"So I did something I haven't done since I entered culinary school 12 years ago—I used my dough to buy another's."
As a professional pastry chef, I did the unthinkable last night. I bought pre-made cookie dough from the market. (Shame.)
As I scanned the cookie aisle for something sweet to follow dinner, I didn't find a whole lot worth purchasing (for the record, no one should ever eat cookies being advertised as "healthy"). It was such a chilly night, that the notion of warm cookies just couldn't be substituted with a bag of gingersnaps. But it was already 9 p.m. and spending an extra hour making cookies from scratch on top of dinner prep was simply out of the question. So I did something I haven't done since I entered culinary school 12 years ago—I used my dough to buy another's.
I'm glad I did. Because the purchase really got me thinking about dough—as in the stuff draining from my wallet.
The $2.99 price tag seemed mighty high for an eight-ounce package (which makes about 12 cookies). Sure, it was cheaper than most of the already-baked and bagged options, but it didn't offer as many cookies. On the other hand, its warm, chewy and time-saving options certainly had their appeal. But how does that translate into dollars? And where is the value? I did a little math and here's the result:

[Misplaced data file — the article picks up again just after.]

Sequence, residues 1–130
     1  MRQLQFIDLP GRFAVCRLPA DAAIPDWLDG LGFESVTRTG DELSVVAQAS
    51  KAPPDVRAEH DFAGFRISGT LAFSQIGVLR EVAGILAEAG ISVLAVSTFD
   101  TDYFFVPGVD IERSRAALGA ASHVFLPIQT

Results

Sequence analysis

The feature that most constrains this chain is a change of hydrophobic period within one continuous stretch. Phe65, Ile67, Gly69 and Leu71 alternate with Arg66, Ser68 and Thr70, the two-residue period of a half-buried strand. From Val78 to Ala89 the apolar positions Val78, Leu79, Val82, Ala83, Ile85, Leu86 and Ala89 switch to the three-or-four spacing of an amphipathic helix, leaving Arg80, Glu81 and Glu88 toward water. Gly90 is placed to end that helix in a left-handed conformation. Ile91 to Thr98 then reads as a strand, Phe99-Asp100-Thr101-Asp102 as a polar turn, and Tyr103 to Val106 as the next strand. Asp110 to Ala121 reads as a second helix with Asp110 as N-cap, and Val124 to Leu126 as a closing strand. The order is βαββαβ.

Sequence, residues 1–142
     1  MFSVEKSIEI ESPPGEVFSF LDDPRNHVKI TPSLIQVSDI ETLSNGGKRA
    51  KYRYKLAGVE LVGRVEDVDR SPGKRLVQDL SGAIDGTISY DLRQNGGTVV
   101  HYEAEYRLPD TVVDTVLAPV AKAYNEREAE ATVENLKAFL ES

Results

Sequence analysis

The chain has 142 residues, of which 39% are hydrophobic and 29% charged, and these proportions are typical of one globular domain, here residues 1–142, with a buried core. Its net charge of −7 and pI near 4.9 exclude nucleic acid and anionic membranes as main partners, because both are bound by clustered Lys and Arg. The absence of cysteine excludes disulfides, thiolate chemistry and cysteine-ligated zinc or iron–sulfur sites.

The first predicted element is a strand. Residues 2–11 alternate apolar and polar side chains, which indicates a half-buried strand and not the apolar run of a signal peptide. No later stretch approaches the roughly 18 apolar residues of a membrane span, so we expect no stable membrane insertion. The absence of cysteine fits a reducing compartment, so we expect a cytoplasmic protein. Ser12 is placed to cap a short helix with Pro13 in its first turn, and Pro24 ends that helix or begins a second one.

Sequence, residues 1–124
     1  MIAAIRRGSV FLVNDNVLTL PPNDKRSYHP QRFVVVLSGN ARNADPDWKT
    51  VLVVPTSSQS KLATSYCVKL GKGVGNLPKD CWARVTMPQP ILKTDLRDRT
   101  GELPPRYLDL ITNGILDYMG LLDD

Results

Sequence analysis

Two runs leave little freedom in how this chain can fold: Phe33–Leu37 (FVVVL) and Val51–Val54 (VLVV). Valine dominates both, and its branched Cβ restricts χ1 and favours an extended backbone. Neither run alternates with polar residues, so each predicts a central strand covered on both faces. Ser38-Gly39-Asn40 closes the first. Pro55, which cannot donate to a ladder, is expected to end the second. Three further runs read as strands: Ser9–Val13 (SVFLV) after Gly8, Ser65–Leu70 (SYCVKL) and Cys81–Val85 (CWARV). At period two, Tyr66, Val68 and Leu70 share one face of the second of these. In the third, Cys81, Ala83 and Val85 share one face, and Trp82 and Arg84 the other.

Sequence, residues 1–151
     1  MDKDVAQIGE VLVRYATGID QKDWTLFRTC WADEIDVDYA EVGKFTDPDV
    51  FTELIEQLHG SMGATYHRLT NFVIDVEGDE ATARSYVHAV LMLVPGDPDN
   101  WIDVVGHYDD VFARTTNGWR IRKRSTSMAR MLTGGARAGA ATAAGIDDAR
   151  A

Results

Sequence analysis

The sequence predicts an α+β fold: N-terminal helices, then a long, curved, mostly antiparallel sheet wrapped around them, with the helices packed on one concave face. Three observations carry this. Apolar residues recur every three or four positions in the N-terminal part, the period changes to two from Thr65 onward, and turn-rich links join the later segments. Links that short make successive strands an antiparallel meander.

The cost of my purchase came to $0.25 per cookie. The cost of making my own cookies would be $0.12 per cookie*. Less than half the price if I made them from scratch. But, do I really need to save a $1.50 to lose 60 minutes of my free time? Yes and no.
Yes, because quite frankly, the pre-made cookie dough wasn't that good. Way too heavy on the vanilla extract, and too many chocolate chips (I can't believe I just had to say that!). They had a weird surface that wouldn't brown, and took twice as long to bake as the package instructed. Pretty disappointing.
Then again, no. Because when served with a scoop of vanilla ice cream all my said complaints were erased. Who cares about all that stuff?! I had warm cookies, from start to finish, in 15 minutes and I didn't have to measure anything or wash a single dish! That's priceless.
* Calculations based on the original Nestle Toll House recipe (nothing beats it!) and FreshDirect.com prices in my Brooklyn zip code.
About the author: Jennifer McCoy is the pastry chef at Craft in New York City. When she's not covered in flour or frying doughnuts, you can find her strolling the streets of Carroll Gardens, Brooklyn, with her little dog Olive.